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Russian envoy calls Syria visit 'very productive'

This image, taken recently by an independent cameraman, shows bodies wrapped in sheets being loaded into a truck outside a hospital in battle-torn Homs, Syria, a center of resistance to President Bashar Assad’s regime. Activists say hundreds of people in Homs were killed by government forces over the past few days.

Associated Press

This image, taken recently by an independent cameraman, shows bodies wrapped in sheets being loaded into a truck outside a hospital in battle-torn Homs, Syria, a center of resistance to President Bashar Assad’s regime. Activists say hundreds of people in Homs were killed by government forces over the past few days.

BEIRUT, Lebanon — Russia's foreign minister visited Syria's top leaders in Damascus on Tuesday, at a moment when Western and Arab nations are withdrawing ambassadors and trying to isolate Syria diplomatically over its increasingly violent response to the 11-month-old popular uprising in the country.

The foreign minister, Sergey Lavrov, was greeted by thousands of pro-government Syrians. He pronounced his visit as "very productive."

The Russian diplomatic effort came as the United States, which has criticized Russia's stance over the Syria crisis, suggested that it may provide "humanitarian aid to Syrians" without specifying how or to whom.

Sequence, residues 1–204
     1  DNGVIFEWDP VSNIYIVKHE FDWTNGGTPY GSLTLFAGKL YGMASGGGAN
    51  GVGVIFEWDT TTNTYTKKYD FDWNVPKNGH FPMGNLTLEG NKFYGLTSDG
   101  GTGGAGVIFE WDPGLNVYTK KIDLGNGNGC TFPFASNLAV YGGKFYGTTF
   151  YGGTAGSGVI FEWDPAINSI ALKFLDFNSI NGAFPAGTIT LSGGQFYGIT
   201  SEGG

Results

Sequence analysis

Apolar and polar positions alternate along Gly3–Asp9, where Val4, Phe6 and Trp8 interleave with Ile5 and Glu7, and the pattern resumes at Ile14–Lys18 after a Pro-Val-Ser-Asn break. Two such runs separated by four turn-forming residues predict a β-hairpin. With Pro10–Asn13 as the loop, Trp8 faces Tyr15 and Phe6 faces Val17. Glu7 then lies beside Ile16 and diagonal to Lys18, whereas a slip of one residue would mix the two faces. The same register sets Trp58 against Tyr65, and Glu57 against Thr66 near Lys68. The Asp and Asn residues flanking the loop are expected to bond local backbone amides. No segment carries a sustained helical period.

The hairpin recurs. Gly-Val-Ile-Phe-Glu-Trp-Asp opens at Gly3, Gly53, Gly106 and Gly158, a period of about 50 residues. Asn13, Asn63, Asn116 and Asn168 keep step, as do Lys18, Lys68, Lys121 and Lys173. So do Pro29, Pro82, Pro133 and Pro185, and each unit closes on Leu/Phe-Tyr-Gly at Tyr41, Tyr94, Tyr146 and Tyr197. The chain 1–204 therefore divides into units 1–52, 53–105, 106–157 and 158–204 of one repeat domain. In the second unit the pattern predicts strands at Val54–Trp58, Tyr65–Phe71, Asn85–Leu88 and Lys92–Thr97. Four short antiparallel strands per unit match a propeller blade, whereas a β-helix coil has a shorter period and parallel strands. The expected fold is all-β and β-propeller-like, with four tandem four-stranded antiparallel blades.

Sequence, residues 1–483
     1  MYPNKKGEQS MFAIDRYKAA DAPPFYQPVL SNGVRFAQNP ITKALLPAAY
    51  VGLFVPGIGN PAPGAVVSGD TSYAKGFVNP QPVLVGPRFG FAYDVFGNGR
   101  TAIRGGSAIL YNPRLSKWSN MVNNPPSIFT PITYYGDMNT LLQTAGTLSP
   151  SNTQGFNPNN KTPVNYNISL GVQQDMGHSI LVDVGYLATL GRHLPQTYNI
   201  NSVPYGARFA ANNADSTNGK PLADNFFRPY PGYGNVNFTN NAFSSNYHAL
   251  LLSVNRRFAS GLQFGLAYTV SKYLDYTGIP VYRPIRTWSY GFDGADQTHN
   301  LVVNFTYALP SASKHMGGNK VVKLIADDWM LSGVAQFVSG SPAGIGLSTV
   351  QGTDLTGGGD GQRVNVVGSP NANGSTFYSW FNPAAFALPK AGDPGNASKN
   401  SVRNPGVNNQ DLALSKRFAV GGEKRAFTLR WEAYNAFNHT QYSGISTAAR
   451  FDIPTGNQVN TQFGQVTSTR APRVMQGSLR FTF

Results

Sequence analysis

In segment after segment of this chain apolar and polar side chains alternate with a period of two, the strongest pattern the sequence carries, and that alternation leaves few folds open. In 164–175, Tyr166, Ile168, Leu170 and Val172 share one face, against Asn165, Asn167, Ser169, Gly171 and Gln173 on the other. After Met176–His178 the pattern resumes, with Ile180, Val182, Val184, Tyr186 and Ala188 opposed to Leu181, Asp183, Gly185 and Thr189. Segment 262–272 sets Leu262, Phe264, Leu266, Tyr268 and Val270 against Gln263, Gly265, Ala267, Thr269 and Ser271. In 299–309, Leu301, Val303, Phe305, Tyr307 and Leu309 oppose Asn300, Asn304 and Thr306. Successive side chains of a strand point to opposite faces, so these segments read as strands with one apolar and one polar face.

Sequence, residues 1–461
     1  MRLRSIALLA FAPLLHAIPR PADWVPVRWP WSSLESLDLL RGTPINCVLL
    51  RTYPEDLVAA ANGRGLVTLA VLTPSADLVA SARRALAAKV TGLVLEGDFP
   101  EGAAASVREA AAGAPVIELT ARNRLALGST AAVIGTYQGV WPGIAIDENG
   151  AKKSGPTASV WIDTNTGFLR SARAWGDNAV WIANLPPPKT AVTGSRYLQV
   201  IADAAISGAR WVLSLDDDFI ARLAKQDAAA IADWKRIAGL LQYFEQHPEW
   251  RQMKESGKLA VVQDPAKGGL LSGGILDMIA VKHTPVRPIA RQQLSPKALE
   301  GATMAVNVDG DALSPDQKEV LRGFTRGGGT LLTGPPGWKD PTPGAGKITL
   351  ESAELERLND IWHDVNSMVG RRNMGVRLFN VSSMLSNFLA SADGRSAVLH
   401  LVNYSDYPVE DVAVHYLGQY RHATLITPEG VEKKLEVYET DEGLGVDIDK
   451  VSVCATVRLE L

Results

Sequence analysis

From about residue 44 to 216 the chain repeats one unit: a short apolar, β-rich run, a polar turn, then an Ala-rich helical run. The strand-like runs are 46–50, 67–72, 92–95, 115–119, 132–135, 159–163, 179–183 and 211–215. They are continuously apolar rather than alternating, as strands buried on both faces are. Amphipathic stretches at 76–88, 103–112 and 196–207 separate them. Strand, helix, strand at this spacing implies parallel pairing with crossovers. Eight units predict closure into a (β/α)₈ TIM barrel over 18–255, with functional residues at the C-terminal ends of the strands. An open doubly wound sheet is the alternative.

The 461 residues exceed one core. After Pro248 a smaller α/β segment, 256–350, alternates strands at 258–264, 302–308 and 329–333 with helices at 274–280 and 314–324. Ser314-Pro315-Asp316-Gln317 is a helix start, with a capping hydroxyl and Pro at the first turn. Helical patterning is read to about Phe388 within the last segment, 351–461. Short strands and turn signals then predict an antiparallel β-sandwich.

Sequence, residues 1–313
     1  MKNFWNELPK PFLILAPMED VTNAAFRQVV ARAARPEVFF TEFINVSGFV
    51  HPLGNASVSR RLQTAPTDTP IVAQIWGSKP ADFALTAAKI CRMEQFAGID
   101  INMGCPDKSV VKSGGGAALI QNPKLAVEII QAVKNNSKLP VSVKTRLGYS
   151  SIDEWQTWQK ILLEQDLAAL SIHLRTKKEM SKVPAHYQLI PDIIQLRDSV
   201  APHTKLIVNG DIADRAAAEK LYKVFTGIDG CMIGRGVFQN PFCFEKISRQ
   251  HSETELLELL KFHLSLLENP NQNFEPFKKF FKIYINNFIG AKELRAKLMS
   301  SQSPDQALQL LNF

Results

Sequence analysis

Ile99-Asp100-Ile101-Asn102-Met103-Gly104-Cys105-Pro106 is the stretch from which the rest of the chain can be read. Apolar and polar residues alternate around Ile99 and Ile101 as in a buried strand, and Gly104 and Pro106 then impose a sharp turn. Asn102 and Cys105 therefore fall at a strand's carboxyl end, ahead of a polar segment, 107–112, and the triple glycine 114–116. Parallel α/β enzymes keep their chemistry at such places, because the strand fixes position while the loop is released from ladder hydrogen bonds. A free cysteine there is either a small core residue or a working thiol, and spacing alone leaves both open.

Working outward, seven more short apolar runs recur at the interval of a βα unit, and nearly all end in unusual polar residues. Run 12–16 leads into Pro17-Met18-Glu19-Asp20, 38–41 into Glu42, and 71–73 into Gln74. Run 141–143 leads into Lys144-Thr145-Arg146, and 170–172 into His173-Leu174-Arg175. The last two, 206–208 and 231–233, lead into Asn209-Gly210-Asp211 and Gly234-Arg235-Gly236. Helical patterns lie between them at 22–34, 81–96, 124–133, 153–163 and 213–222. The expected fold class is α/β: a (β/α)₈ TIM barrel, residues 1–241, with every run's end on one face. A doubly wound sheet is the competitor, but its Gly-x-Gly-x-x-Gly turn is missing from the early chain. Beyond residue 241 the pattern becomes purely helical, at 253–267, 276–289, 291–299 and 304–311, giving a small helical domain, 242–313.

Russia, along with China, vetoed an Arab League-backed resolution at the U.N. Security Council on Saturday that called on President Bashar Assad to hand over some powers as part of a plan to defuse the crisis. The Russians insisted that the resolution amounted to outside interference in Syria's affairs.

At the same time, the Kremlin is sensitive to the perception that Russia had given Assad a green light to violently crush his political opponents. So Lavrov, and Mikhail Fradkov, the head of the Russian foreign intelligence service, were sent to Syria on Tuesday with what the Russians said was a proposal to end the crisis; its substance was not divulged.

"We have had a very productive visit with the leadership of Syria," Lavrov said after his meeting with Assad, according to the Ria Novosti news service. Lavrov also said Assad was prepared to hold talks with the opposition.

Further details were not disclosed, and it remained unclear whether Russia possessed the diplomatic clout to significantly influence the situation.

There was no immediate comment from Assad or from the voices of opposition in Syria.

The visit came a day after the United States temporarily closed its Damascus embassy. Germany, Spain, Belgium and France followed Britain in recalling their ambassadors.

Arab Persian Gulf countries, including Bahrain, Kuwait, Oman, Qatar, Saudi Arabia and the United Arab Emirates, expelled Syrian ambassadors on Tuesday and recalled their ambassadors from Damascus for consultations.

Violence has surged the past week in Syria, in particular around the city of Homs, Syria's third largest. Syria's Interior Ministry said the assault on Homs would continue until all resistance is defeated, in a sign that the government believes that it can defeat the opposition by force.

Activists said at least 15 people were killed in violence around the country Tuesday.

Russian envoy calls Syria visit 'very productive' 02/07/12 [Last modified: Tuesday, February 7, 2012 10:31pm]
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